Efficacy and safety of tacrolimus compared with cyclosporin microemulsion in primary SPK transplantation: 3-year results of the Euro-SPK 001 trial.Nephrol Dial Transplant 2005; 20 Suppl 2:ii3-10, ii62ND
Single-centre and retrospective studies suggest superiority of tacrolimus over cyclosporin as cornerstone immunosuppressive therapy for simultaneous pancreas-kidney (SPK) transplantation. This open-label, multicentre trial compared the efficacy and safety of tacrolimus with cyclosporin microemulsion (ME) in diabetic patients with end-stage renal disease undergoing their first cadaveric SPK transplantation. The 3-year results are reported.
Patients were recruited from 10 centres in Europe and one centre in Israel: 103 were randomized to receive tacrolimus (initial dose: 0.2 mg/kg/day p.o.) and 102 to cyclosporin-ME (7 mg/kg/day p.o.). All patients received concomitant rabbit anti-T-cell globulin induction, mycophenolate mofetil (MMF) and short-term corticosteroids.
Fewer patients receiving tacrolimus (36.9%) than cyclosporin-ME (57.8%) were discontinued from treatment (P = 0.003). The initial episodes of biopsy-proven rejection were moderate or severe in just one out of 31 (3%) tacrolimus-treated patients compared with 11 out of 39 (28%) patients receiving cyclosporin-ME (P = 0.009). While 3-year patient and kidney survival rates were similar in the two treatment groups, pancreas survival was superior with tacrolimus (89.2 vs 72.4%; P = 0.002). Thrombosis resulted in pancreas graft loss in 10 patients receiving cyclosporin-ME and in only two treated with tacrolimus (P = 0.02). Overall adverse event frequency was similar in both groups, but MMF intolerance was more frequent with tacrolimus and hyperlipidaemia more frequent with cyclosporin-ME.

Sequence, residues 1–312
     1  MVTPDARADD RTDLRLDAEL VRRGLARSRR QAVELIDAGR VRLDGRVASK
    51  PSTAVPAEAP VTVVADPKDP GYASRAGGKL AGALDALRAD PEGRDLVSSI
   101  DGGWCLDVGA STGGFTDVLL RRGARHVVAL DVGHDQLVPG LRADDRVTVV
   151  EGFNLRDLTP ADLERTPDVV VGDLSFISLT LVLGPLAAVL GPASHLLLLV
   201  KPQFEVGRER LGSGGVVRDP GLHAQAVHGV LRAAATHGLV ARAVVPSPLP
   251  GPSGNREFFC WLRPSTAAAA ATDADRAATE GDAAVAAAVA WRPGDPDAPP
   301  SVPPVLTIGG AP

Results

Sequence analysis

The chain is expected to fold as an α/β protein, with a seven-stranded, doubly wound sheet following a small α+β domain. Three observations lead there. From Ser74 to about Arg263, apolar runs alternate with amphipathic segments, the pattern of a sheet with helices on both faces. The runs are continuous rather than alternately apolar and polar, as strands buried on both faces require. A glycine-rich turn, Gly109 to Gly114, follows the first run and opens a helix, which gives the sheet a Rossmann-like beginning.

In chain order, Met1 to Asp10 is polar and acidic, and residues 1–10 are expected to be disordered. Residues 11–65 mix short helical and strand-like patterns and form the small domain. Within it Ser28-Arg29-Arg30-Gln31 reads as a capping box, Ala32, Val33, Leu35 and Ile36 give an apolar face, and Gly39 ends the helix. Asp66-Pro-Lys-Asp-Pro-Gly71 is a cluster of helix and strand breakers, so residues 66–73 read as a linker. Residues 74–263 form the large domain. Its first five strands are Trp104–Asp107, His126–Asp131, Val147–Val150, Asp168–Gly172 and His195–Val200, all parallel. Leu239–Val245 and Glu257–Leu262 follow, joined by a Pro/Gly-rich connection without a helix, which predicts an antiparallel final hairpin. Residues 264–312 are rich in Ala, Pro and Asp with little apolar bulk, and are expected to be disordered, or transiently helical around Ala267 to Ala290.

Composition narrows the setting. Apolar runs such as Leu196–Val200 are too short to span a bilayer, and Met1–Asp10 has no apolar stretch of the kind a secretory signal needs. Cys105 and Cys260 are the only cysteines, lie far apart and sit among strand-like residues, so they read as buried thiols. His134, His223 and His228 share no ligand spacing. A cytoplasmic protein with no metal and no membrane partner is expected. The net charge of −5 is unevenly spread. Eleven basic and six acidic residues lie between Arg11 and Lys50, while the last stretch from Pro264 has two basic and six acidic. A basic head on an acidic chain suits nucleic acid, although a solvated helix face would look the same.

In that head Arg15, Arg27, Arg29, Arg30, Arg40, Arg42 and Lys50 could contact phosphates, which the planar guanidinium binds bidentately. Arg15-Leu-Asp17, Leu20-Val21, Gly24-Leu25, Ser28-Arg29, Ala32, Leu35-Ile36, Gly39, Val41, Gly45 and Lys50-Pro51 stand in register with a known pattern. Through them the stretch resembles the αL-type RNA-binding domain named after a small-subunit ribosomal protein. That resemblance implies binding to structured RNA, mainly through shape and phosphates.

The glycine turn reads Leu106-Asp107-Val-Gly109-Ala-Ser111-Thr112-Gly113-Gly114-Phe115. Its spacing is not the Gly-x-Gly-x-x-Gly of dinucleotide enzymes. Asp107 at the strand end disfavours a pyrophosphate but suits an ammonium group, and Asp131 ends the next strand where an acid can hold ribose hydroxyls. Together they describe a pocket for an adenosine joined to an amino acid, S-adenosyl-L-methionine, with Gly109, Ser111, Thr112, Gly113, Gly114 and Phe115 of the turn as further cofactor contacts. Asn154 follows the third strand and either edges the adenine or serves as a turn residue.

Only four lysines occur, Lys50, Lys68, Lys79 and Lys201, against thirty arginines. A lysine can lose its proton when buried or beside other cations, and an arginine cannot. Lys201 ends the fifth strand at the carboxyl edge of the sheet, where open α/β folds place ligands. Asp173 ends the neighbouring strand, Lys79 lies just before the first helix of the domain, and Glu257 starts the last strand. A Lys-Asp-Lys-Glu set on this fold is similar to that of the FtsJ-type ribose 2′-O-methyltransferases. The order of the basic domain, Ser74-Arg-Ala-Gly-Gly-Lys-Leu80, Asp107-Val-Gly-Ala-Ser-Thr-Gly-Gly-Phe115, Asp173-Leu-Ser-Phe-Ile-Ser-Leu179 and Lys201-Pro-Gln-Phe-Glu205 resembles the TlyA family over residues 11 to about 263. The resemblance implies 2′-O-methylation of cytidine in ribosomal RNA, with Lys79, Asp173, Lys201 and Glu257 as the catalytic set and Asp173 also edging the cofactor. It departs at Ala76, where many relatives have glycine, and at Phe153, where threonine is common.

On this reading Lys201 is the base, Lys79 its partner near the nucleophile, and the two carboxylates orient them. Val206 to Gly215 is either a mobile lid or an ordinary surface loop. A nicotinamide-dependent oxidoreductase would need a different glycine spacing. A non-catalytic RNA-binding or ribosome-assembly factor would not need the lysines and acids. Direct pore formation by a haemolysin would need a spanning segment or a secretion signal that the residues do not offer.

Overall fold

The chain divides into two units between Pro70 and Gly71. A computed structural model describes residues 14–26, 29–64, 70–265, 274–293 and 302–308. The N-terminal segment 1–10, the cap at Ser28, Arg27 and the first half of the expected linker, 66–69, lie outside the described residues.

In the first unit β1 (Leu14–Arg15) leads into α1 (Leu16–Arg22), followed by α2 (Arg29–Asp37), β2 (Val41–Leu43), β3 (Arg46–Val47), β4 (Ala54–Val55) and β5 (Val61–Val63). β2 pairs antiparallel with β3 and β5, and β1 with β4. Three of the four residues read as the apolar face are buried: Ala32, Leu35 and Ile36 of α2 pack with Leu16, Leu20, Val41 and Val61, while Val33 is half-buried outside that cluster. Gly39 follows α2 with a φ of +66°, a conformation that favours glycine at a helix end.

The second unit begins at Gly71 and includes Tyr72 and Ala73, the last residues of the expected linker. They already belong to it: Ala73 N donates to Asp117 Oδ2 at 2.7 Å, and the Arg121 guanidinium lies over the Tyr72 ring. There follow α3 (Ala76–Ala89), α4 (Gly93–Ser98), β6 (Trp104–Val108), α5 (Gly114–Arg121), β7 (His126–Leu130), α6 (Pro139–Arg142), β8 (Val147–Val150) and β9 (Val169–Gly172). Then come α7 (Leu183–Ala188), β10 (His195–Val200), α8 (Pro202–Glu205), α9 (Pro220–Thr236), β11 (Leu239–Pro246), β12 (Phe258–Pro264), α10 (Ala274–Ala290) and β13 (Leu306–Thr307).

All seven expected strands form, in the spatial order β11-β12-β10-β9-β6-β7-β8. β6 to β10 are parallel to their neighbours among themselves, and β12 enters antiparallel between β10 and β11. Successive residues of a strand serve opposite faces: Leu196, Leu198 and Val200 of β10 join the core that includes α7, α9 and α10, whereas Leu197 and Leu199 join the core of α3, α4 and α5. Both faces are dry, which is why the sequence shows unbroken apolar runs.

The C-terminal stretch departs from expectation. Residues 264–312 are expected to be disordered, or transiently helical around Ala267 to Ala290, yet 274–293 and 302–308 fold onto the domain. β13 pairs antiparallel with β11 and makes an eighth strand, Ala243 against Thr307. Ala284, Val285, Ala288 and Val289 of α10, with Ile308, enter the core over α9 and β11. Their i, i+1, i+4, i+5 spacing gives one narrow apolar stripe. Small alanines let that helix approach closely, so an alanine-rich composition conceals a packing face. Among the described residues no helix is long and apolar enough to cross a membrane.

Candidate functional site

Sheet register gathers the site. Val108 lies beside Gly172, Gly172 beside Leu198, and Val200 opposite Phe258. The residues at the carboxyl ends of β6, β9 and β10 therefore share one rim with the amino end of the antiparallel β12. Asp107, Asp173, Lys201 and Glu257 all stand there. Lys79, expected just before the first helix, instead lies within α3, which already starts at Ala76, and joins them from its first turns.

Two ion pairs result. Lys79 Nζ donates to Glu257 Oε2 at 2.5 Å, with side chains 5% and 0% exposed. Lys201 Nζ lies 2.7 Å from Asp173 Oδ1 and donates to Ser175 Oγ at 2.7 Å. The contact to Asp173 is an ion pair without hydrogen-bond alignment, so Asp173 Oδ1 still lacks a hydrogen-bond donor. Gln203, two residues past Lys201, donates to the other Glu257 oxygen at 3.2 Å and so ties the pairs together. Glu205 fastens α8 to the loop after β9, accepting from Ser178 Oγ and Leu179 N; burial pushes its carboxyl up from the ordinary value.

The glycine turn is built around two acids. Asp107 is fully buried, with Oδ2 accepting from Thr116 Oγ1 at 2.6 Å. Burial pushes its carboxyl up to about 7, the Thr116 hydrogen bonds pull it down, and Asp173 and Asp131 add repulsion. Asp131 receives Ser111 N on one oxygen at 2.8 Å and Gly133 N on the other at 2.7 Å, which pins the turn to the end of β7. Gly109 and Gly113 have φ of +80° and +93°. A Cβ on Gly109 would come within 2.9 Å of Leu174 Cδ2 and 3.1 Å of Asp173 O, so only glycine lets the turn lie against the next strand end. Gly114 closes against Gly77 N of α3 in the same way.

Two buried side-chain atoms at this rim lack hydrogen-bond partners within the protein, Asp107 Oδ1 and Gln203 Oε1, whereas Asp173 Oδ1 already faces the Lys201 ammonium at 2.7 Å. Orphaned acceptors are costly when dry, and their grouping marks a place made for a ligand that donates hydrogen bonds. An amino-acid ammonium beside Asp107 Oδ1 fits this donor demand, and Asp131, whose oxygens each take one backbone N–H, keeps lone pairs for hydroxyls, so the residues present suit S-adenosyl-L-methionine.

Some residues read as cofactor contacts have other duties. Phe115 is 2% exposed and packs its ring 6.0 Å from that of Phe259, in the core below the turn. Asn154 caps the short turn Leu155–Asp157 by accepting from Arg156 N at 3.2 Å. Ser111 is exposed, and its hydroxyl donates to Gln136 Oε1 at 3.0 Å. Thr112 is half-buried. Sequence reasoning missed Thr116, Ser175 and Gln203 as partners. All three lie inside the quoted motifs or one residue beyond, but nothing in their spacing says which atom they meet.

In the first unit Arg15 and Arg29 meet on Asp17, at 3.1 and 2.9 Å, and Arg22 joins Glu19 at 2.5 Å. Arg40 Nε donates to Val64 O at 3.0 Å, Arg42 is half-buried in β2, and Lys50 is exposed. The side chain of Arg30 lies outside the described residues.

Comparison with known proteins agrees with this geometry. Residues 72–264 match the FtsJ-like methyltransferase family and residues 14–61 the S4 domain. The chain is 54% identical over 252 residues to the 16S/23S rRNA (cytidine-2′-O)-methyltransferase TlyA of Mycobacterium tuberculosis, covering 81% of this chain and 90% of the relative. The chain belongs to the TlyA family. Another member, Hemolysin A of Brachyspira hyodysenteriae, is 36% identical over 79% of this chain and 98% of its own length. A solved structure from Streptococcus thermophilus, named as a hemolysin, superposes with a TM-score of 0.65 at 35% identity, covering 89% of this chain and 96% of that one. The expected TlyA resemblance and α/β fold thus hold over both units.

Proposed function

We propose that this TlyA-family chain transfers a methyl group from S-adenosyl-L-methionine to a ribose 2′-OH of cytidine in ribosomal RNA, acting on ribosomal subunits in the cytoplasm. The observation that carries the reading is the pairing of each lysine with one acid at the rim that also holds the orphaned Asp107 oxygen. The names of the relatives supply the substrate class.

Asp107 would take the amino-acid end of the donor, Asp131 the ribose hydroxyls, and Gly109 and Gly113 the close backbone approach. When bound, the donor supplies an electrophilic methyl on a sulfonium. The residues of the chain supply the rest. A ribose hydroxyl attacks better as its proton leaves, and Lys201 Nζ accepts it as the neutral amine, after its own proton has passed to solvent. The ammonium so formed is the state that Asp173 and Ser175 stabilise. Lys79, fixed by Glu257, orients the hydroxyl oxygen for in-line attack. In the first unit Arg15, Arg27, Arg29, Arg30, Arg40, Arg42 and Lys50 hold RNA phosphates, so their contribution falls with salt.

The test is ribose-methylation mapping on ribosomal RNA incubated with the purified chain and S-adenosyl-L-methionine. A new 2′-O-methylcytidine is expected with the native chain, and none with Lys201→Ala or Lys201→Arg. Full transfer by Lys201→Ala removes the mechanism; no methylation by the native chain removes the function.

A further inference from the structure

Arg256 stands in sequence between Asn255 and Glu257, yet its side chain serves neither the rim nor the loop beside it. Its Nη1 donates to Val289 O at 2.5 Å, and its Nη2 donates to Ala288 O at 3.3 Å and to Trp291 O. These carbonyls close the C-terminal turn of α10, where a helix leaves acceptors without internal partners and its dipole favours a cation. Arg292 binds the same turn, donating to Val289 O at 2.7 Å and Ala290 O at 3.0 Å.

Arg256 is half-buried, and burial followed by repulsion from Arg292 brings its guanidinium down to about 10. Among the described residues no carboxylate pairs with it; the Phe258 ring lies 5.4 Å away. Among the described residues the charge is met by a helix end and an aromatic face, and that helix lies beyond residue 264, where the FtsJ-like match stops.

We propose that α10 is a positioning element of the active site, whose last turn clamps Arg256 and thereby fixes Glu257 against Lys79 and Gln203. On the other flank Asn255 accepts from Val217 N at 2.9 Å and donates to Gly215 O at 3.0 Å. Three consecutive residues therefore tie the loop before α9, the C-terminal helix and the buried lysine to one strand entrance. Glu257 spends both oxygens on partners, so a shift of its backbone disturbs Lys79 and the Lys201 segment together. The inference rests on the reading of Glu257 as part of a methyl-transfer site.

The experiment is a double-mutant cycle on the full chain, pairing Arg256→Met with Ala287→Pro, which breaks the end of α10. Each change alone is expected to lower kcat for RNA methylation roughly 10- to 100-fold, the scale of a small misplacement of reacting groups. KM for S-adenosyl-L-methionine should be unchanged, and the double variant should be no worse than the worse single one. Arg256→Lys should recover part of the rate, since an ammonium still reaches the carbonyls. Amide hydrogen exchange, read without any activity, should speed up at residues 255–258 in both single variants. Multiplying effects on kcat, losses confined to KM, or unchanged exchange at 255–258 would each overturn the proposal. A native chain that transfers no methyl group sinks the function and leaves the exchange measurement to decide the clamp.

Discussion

In this 3-year study, tacrolimus was more effective than cyclosporin-ME in preventing moderate or severe kidney or pancreas rejection after SPK transplantation. It also provided superior pancreas survival and reduced the risk of pancreas graft thrombosis.